Thanks to the modern miracle of state-of-the-art special effects, The Avengers boldly evokes the splendiferously overstated visual tropes that artist Jack Kirby offered on a regular basis during his heyday as a comic book illustrator. Whether the focus is a ginormous flying aircraft carrier that serves as a roving substation for S.H.I.E.L.D., the super-secret outfit that employs Nick Fury to assemble The Avengers, or the tighter-than-static-cling attire favored by matter-of-factly supersexy S.H.I.E.L.D. agent Maria Hill (played with awesomely casual aplomb by Cobie Smulders), this movie has, for a variety of reasons, enormous appeal to the 15-year-old geek in all of us.
(And speaking of sexy: As the barefoot and short-shorted Pepper Potts — the close confidant of Tony Stark, the fabulously rich and successful playboy/industrialist also known as Iron Man — Gwyneth Paltow is more delectably yummy than she’s ever before appeared on screen. And yes, before you ask, I did see her in Flesh and Bone.)
But never mind: The Avengers is that rare breed of blockbuster, a colossally entertaining and surprisingly sophisticated comic-book epic that can make you feel like a kid again without ever seeming childish.
On the other hand: I do wish that über-villain Loki — the nefarious half-brother of Thor who really was the bad guy in the first Avengers comic book, and who’s played here with sneeringly up-yours hauteur by Tom Hiddleston — had rounded up an invading army more impressive than the throngs of anonymous (and easily destructible) cyborgs (or whatever the hell they are) on display here.
And with all due respect to Hawkeye (who actually joined The Avengers – in the world according to the comic books, anyway – after a brief career as an arch-villain) and Black Widow (a va-va-voom Scarlett Johansson) – well, they really aren’t what you’d call super heroes, are they? Hawkeye – who, truth to tell, always struck me as a knock-off of DC Comics’ Green Arrow – isn’t super-powerful at all. And as for Black Widow – well, maybe I missed something, but can she do anything more than kick ass, shoot guns and look really, really nice in her skintight costume?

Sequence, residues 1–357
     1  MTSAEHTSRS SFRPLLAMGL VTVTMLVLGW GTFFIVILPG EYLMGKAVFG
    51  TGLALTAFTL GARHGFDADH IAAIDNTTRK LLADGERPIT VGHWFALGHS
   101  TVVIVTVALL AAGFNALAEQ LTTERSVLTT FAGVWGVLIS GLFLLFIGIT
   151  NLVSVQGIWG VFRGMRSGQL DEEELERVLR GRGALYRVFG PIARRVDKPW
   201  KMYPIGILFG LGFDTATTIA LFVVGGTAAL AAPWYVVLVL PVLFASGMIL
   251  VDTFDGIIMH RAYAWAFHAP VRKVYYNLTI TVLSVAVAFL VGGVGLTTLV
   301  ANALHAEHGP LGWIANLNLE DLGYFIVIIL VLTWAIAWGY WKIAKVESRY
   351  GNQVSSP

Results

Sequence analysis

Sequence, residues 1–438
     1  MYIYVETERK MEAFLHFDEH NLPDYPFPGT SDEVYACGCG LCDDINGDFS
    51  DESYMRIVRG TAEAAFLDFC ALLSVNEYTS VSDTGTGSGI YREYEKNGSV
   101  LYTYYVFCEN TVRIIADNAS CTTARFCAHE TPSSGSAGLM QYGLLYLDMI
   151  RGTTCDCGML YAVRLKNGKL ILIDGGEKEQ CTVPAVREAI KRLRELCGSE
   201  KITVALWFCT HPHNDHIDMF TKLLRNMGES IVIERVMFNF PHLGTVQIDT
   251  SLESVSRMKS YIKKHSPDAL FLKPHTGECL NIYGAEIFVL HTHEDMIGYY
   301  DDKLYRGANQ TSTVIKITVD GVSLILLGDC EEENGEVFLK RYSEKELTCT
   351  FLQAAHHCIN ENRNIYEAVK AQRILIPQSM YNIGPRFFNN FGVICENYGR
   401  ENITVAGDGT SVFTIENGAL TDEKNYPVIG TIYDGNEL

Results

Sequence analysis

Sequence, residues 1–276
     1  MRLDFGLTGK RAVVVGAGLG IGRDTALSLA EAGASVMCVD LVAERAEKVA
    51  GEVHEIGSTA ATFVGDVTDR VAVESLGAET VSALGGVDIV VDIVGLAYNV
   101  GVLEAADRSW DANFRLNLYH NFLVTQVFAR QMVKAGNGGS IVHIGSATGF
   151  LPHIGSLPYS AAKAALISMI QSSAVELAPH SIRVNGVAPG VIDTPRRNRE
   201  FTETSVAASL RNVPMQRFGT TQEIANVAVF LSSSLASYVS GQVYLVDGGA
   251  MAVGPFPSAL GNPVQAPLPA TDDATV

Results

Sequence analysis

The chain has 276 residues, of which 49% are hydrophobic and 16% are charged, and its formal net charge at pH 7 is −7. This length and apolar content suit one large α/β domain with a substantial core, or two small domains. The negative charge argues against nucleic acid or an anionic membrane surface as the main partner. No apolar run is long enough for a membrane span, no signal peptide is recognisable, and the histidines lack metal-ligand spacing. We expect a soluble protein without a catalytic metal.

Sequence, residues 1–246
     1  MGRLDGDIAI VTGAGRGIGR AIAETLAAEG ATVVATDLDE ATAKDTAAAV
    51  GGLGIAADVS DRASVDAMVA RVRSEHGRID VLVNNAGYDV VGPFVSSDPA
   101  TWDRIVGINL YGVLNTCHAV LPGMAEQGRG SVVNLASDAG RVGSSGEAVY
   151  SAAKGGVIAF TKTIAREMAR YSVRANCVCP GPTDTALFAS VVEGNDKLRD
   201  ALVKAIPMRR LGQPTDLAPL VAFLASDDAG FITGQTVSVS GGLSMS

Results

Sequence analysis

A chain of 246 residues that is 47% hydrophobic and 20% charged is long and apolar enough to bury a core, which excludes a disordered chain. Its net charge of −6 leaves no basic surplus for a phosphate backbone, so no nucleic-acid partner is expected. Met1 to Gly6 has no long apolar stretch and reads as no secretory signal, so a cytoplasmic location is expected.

Are these really the most potent world-savers an outfit like S.H.I.E.L.D. could muster? Couldn’t the producers have borrowed a page or two from the original Marvel Comics and had S.H.I.E.L.D. draft Ant-Man and The Wasp instead?
And while we’re on that subject: Why did the folks who plotted the multi-movie lead-up to The Avengers decide a government agency had to figure into the assembling of these heroes in the first place? Back in the day, The Avengers decided to work together as a team because… because… well, because they thought it might be a pretty doggone neat thing to do. But now…
Hey, I can just imagine the RNC campaign ad: “Before Barack Obama, superheroes didn’t need government handouts to join forces…”
But never mind: The Avengers is that rare breed of blockbuster, a colossally entertaining and surprisingly sophisticated comic-book epic that can make you feel like a kid again without ever seeming childish. And when you do break down and finally go to see it, make sure you remain in your seat during the interminable closing credits: The wink-wink post-credits epilogue is guaranteed to send you out the door with a humungous smile on your face.
It is, to put it simply and gratefully, fully worth the price of admission all by itself.